In the 1960s University Professor set about interviewing children from middle and high schools, he interviewed over a thousand students. Students responses all said they worried on rather there would be a war, and if anything would be left afterwards; if anyone would be alive. Some students even said they would cry at night over the worry and fear. The early Baby Boomers were raised with Duck and Cover, with stories of nuclear annihilation, and were raised to think that the world would end at any moment.
They had been taught as children and throughout their childhood that they could take action to save themselves, as they grew older the mentality from the Duck and Cover era stayed with them. They protested wrongs they perceived, like the Vietnam War; and they fought against racism.
Their paths to be revolutionaries and activist at such young ages were led by their childhood being steeped in the Duck and Cover films, drills, and warnings about a nuclear bomb going off and flashes in the sky. They grew up being told to duck, cover, and hide while praying their world would be intact when it was over, as teens and adults they would grow to decide that hiding and hoping was not enough and action would be needed. The children who grew up with these drills and films would later change the nation from the militarism during the Cold War to one of thought before military action, while they did not do this alone; their ideals as they grew impacted the world around them.
Dennis Hill grew up in a small country town in Springfield, Louisiana during the 1950s, while the campaign of Duck and Cover made to his small town, the teachers and school he attended did not follow the path other across the Nation did.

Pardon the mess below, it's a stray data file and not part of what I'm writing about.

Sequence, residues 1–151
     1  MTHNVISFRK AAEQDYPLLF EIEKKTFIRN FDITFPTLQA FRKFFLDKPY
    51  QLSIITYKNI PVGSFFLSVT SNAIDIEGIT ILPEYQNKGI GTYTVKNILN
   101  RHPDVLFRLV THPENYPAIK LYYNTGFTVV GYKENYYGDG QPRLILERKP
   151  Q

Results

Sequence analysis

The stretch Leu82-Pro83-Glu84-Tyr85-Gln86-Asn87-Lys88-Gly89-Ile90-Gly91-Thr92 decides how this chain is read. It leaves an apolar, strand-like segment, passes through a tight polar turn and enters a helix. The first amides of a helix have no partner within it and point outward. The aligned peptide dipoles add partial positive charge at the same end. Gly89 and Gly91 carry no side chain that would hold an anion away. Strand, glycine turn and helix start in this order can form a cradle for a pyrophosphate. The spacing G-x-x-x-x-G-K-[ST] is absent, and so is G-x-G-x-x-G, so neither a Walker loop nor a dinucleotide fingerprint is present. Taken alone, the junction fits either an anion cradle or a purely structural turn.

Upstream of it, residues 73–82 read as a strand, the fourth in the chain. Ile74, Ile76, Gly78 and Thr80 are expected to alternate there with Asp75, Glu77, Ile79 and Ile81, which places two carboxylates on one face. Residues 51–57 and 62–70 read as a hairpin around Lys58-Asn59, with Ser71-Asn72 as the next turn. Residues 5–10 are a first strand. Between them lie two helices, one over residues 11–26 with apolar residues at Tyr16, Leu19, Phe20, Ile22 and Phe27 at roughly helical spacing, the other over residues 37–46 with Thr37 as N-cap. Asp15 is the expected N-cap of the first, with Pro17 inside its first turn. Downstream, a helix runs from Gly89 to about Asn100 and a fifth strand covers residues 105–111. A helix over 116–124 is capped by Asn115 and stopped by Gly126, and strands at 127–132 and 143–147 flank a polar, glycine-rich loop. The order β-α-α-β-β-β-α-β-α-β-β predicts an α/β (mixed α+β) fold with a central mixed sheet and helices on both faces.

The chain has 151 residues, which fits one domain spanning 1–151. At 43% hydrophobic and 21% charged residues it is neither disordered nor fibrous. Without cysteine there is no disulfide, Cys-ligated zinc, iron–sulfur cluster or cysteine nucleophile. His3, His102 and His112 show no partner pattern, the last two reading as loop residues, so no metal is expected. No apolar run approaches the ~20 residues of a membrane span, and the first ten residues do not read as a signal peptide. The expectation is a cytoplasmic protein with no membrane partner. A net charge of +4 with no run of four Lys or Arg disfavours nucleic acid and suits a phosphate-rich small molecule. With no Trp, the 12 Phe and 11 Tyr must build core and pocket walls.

I remember hearing about duck and cover while I was child, we saw the papers they gave out, but we were never shown the film you just showed me * I showed him the Duck and Cover film to see if he remembered it. *. Kids back then knew that if a bomb hit here ducking under our desk or bed wouldn’t do any good. Our homes were all wood and had been around since our Grand Parents, they would not stand up to it. -Dennis Hill, 2018
The children of the 50’s had been raised on Duck and Cover and its mentality, with the thoughts that their lives could and would end or least how they knew their lives to be at that time. This mentality stayed with them throughout their lives and changed how they interacted with the actions of that time. Their changes impacted future generations and still does, their ability to stand up and fight against a war they did not believe in, to fight against a culture that was leading to nuclear war gave future generations the encouragement and strength to stand for what they feel is right and against what they see as wrong.

Furtwangler, Albert. Growing up Nuclear. Bulletin of the Atomic Scientists 37, no. 1 (January 1981): 4448. (Primary)
Hill, Dennis, Interview by Kacie Hill. 2018. Small Town Life During the Cold War. (October 18). (Primary)
Hughes, Jake, 2007, Duck and Cover, Essay, (Library of Congress, 2017)
JoAnne Brown. “A is for Atom, B is for Bomb: Civil Defense in American Public Education” Journal of American History 75: 1 (june 1988): 68-90.
Mauer, Raymond J. 1952. Duck and Cover. Short Film. Directed by Anthony Rizzo. Produced by Archer Productions. Performed by New York School kids from Astoria. (Primary)
Michael Scheibach. Atomic Narratives and American Youth: Coming of Age with the Atom, 1945-1955. (Jefferson, NC: McFarland and Co., 2003. 7.)
Milton Schwebel. “Nuclear Cold War: Student Opinions and Professional Responsibility.” Ed. Milton Schwebel. Behavioral Science and Human Survival. Palo Alto, CA: Science and Behavior Books, Inc., 1965.
NEW FILM TO HELP IN BOMB TRAINING: Duck and Cover to be shown here in self-protection courses, 1952 New York Times, (1923-current file) 1952
Todd Gitiin. The Sixties: Years of Hope, Days of Rage. New York: Bantam Books, 1987. 22

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A Film About Cold War For Kids. (2019, Apr 04).